39. [/quote]
  41. This is both irrelevant to the portion of my comment you quoted, and to the point I was making in the first place. The vast majority of feedback is polite and constructive but negative feedback. It was that way before they forced 2.0 on everyone in spite of still being in beta, and it still is now. The vastness of that majority reflects a majority of dislike for the new client, NOT your claimed support or even a more balanced spread of opinions. You are practically a lone voice of fanboyishness in a sea of negativity and in spite of how consistent the negative feedback is, the vast majority is still polite and constructive. You have claimed otherwise but have failed to back that claim up, and are now not even trying to do so.
  43. When filing support tickets and feedback for Galaxy 2.0, there is an automated response that tells users there is much higher than usual demand on support - that means there are a lot of problems with GOG at the moment, and with the 2.0 launch being the only major change to be discussed at the moment, it makes sense that the majority of that overload of tickets is relating to the forced launch while it's not yet ready. Other platforms where the 2.0 launch is being discussed, it's also mostly being seen as a bad move.
  45. [quote_91]
  46. From a business point of view its just makes no sense to roll back, this binds resources and may push the schedule back as you now have to worry again whether a change on the server side may brake the old client - or you know it will, which would mean updating the odl client or running different server versions > binds money and resources.
  47. And there is also the possibility that the people reponsible for this have a rather "traditional" work relationship: Failure is no option for a superior, so by definition superiors can't make mistakes. So rolling back to G1 would imply a failure, thus if you would do so the universe would implode.
  48. [/quote]
  50. From a business point of view, it made no sense to roll it out in the first place. From a business point of view, it absolutely makes sense to roll it back. There are growing trends of consumers recognising and railing against anti-consumer practices, and GOG has consistently been on the consumer-friendly side. This consumer-friendly approach has actually been a key element to the company's success over the years and its continuing growth. Maintaining that trend by rolling back a poor decision would only reflect even better on them and help to grow the business. At worst, people might view the rollback as something we should reasonably expect from the company when they do it, and continue supporting GOG only as much as normal instead of being pleasantly surprised and actively increasing our support.
  52. Even GOG itself labels 2.0 as still being "beta", showing that it's not ready for full release yet. There is no good reason why it should be forced onto users as it has been while openly acknowledged NOT to be ready for that yet. There is every reason to roll it back because NOBODY BUT YOU (and I'm not even sure about you) is saying that it's ready for release in its current state.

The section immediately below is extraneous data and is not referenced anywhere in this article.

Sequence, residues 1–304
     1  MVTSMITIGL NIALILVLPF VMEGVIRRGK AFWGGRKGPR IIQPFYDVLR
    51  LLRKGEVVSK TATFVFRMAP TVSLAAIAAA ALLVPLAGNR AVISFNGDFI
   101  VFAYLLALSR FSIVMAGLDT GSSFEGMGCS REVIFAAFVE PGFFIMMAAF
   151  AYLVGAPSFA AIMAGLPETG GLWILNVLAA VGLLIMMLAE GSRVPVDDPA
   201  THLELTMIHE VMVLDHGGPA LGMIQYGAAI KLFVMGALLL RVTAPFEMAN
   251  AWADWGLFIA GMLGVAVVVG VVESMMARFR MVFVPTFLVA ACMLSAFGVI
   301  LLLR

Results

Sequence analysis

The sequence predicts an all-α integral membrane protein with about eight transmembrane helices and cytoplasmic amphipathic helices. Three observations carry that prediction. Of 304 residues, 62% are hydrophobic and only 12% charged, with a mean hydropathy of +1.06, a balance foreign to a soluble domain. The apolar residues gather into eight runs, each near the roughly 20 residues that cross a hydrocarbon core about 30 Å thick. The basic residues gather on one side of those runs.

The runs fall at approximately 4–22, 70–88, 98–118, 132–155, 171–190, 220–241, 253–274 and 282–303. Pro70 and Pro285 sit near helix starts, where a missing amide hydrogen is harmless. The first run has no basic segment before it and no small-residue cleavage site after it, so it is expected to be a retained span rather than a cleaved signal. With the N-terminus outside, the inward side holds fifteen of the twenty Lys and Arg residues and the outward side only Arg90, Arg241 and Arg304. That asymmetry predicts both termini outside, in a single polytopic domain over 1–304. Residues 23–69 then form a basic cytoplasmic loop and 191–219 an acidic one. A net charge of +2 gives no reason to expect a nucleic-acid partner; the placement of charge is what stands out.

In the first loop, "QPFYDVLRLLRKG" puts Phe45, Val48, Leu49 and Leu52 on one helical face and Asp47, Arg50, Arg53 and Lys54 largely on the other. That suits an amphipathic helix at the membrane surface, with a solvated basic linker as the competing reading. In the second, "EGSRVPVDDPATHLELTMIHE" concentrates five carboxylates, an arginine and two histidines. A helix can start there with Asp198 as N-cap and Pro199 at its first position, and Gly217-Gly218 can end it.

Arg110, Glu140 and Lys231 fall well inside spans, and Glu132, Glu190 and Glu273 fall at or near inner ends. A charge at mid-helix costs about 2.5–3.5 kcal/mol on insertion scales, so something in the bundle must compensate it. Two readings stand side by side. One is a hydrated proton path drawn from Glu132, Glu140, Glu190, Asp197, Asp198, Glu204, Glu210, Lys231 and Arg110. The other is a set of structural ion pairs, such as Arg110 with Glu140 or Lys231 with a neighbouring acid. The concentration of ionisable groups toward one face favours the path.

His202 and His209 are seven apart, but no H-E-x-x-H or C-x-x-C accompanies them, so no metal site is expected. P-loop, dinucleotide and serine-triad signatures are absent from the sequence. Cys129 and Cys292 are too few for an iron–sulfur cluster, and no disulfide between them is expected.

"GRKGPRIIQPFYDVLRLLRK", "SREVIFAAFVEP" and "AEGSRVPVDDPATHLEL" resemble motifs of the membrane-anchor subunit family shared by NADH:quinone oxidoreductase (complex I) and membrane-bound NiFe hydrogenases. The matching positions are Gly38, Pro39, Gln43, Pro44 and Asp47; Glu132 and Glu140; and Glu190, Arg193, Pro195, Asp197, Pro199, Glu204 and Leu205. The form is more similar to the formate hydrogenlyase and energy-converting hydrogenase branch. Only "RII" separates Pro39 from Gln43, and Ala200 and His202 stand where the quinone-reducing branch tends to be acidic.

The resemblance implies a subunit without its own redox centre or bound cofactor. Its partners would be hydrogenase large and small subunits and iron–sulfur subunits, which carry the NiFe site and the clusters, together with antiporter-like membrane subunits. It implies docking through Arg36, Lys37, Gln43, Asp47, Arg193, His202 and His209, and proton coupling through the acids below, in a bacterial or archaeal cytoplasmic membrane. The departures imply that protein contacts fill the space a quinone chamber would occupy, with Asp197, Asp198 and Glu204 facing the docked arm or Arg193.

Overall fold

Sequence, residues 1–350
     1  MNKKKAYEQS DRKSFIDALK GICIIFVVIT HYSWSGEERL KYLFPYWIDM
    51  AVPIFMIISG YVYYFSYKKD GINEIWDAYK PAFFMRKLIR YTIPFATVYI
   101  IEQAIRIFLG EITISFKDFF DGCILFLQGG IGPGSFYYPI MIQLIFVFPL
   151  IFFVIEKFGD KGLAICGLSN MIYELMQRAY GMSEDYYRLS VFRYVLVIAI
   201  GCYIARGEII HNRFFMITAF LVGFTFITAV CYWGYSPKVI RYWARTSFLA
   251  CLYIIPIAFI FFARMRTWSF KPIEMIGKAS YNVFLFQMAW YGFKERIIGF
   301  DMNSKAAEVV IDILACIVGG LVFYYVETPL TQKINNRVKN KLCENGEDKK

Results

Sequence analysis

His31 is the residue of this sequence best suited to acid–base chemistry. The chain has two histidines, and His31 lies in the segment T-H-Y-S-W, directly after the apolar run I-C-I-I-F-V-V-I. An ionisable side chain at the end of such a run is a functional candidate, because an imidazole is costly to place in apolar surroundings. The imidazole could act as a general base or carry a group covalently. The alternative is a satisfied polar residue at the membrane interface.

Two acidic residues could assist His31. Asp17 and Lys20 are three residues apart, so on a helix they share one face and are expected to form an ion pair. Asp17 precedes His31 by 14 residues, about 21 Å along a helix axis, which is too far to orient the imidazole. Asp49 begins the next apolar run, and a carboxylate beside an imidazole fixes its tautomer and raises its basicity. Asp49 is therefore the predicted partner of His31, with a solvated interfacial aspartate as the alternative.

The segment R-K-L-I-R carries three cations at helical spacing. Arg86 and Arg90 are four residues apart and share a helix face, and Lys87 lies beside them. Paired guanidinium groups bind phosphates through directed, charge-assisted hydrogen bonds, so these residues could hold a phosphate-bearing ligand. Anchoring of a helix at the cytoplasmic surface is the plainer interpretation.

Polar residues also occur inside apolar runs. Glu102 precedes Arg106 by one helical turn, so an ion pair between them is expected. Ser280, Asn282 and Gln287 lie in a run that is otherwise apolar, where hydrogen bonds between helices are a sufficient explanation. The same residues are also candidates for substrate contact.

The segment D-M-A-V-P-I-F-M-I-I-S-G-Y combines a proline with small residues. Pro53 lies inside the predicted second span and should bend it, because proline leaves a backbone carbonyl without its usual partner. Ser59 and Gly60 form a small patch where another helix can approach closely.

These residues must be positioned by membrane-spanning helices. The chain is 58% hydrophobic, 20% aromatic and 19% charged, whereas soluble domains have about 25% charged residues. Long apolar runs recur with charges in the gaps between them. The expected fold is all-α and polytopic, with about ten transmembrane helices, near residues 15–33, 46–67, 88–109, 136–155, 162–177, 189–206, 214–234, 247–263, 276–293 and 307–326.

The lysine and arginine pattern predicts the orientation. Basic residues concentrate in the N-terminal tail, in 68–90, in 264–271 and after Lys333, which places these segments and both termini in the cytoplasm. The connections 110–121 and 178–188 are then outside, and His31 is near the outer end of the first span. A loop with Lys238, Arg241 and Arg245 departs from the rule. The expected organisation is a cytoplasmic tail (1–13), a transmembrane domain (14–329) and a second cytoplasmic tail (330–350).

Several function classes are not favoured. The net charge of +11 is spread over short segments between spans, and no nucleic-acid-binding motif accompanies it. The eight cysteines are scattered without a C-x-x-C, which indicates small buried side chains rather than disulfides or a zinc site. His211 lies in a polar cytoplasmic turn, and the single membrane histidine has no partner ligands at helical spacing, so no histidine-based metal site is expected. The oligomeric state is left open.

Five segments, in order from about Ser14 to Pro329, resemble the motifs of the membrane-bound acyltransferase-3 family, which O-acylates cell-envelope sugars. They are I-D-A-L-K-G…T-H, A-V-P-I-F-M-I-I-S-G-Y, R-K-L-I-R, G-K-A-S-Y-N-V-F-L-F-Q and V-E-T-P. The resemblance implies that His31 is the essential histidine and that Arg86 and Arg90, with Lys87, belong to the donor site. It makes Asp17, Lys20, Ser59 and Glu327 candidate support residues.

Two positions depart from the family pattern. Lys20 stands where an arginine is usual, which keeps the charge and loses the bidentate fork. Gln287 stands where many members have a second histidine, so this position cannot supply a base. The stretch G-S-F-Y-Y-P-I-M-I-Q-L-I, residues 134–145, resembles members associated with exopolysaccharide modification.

54. [quote_91]
  55. [quote_90]
  56. Your statement here is not even remotely close to being a counter-argument to this
  57. [/quote]
  58. First of: Why are users in your response always nice, friendly and polite ? The negative side is never mentioned - we can disagree on how this distributes on the total post count, but I don't see a reason to just glance over that.
  59. [/quote]
  61. You presented a false picture where most feedback is rude. You are letting your fanboyism shape your perspective and taking offense when none is given. You are reading all negative feedback as insults rather than constructive criticism, whether true or not. You have claimed to see rude and insulting comments then almost entirely failed to provide any such comments in your examples. i'm absolutely presenting the position that most feedback is negative, and I'm not denying that SOME might be rude with it. But while negative, the vast majority of feedback is POLITE and CONSTRUCTIVE. So I'm presenting it as such because that's an accurate representation where yours was not.
  63. [quote_91]
  64. Back to topic: Why should I be responsible for your arguments ?
  65. [/quote]
  67. The closest I've been to claiming you should be responsible for anyone's arguments is actually saying that you need to be responsible for your OWN. And you have been failing to do so, by not ensuring that your arguments are adequately responding to those you're trying to answer. You don't have to be responsible for MY arguments, but you DO have to be sure to actually address them if you want to make any progress. And for the most part, you're failing to do so.
  69. [quote_91]
  70. You basically made a counter point to my assessament of the situation:
  72. "Sure there are some negative statements, but overall people are polite and friendly, and are just trying to make their point in an effort to convince gog, to roll back till G2 is more ready for a mass rollout. And you do not understand why this isn't done as most points people bring up are valid."